Our patients may be consumed by these same fears that drive firearm purchases for protection. Although convincing patients to store their firearms for hunting or sport that are used sporadically may be relatively easy, convincing them to safely store the firearm that was purchased to provide personal, family, and property protection is far more challenging. “What if I need to access it and use it quickly?” one might counter. The owner of a new firearm is often unaware at the time of purchase that, if that gun is ever discharged and kills someone, the most likely scenario is suicide.

Several years ago, an older patient of mine with multiple chronic medical conditions missed his appointment for the first time. Out of concern, I called him. His wife answered the phone and, in tears, described how she had found him with a self-inflicted gunshot wound to the head. Deeply remorseful over his death, I regretted not asking about his access to firearms, although he had never verbalized suicidal thoughts. Unfortunately, the decision to attempt suicide is often impulsive, which further necessitates proactive firearm safety counseling rather than waiting for patients to declare their intent to commit suicide. Our parents, grandparents, and aging patients may have once been responsible gun owners. However, the increasing incidence of depression, cognitive disorders, and other impairments in our older population could put our families at risk for intentional or unintentional firearm injury or death.

Although our role as physicians in reducing firearm injury and death has been well-articulated (1), we have done an abysmal job of advocating for the safety of our patients given the current statistics. We must improve our efforts in conducting patient-centered conversations about firearm safety despite misguided legislative efforts to limit or prevent these potentially life-saving discussions. Our patients who own firearms because of fear or cultural reasons may resist our recommendations to decrease firearm access or improve firearm safety in the home. Developing a trusting physician–patient relationship over time is critical to achieve meaningful behavioral change. Physicians should never wait until a patient has committed suicide, or has suffered from unintentional firearm injury, to change their approach to reducing firearm violence.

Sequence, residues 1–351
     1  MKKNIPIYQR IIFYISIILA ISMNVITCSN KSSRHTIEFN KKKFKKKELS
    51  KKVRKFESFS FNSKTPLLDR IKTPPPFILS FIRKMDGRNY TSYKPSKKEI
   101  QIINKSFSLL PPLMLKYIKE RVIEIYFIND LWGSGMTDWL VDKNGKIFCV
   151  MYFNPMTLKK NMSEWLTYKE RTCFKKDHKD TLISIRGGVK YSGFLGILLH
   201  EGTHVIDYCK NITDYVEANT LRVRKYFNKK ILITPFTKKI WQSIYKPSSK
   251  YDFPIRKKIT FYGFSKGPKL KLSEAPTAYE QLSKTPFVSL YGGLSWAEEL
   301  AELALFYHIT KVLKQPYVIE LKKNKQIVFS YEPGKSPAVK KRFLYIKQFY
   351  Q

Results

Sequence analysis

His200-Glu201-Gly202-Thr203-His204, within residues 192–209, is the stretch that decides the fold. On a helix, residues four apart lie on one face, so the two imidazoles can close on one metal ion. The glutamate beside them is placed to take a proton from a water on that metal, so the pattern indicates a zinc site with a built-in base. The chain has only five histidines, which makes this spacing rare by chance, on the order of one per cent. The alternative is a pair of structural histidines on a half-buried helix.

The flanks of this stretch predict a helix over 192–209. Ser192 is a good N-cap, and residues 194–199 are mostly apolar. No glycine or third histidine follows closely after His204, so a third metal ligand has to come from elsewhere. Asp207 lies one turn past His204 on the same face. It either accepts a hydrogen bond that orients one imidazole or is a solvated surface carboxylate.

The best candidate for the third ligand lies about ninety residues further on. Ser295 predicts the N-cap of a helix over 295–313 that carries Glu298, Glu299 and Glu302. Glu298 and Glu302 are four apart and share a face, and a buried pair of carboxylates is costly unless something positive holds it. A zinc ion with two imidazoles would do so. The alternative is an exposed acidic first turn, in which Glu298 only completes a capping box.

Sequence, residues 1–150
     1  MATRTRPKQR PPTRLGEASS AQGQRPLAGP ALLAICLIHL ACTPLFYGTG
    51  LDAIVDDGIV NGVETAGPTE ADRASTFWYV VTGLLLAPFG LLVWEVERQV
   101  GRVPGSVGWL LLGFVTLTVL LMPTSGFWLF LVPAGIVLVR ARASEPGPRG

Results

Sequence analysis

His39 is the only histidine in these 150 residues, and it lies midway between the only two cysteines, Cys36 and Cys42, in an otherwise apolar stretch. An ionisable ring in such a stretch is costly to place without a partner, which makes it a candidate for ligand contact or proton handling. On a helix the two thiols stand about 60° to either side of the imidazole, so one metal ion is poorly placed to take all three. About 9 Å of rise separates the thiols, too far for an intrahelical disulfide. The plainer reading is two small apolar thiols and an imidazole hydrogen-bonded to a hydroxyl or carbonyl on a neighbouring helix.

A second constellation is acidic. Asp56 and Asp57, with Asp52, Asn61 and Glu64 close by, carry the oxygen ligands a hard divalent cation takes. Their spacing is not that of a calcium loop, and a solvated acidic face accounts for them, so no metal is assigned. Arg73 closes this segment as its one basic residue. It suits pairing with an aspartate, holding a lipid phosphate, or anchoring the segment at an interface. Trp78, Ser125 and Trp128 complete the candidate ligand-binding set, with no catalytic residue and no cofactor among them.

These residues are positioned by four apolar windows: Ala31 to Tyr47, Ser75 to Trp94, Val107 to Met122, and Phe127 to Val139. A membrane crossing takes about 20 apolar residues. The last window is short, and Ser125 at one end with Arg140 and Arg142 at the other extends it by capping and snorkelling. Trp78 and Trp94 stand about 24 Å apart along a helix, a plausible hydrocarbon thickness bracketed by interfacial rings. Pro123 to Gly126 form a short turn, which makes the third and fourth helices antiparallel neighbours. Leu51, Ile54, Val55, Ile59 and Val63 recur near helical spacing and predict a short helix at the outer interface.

Fortunately, I did not have positive emotions or deep cultural roots related to firearm ownership that clouded the objective evidence available about a firearm purchase. A firearm would increase the risk for accidental or intentional death of someone in my home despite the degree of potential protective benefit. Could I potentially use it for protection successfully? Yes. For me, did the potential benefits of firearm ownership for protection, even with a real death threat, outweigh the potential risks for unintentional firearm injury or death? No.

I relinquished my personal security detail a few weeks after my life was threatened and went back to checking e-mails on my telephone while walking in the parking lot. Although I have completed a firearm safety training course, I have not purchased and still do not own a firearm. As I reflect upon the daily risks and threats that my family faces in all aspects of life, the patients and friends I have known who have attempted or committed suicide, and the frequent headlines and staggering numbers of children and adults dying of firearm violence, I will not purchase one. I feel safer without it.

References

Weinberger SE, Hoyt DB, Lawrence HC 3rd, Levin S, Henley DE, Alden ER, et al. Firearm-related injury and death in the United States: a call to action from 8 health professional organizations and the American Bar Association. Ann Intern Med. 2015; 162:513-6.
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References

Weinberger SE, Hoyt DB, Lawrence HC 3rd, Levin S, Henley DE, Alden ER, et al. Firearm-related injury and death in the United States: a call to action from 8 health professional organizations and the American Bar Association. Ann Intern Med. 2015; 162:513-6.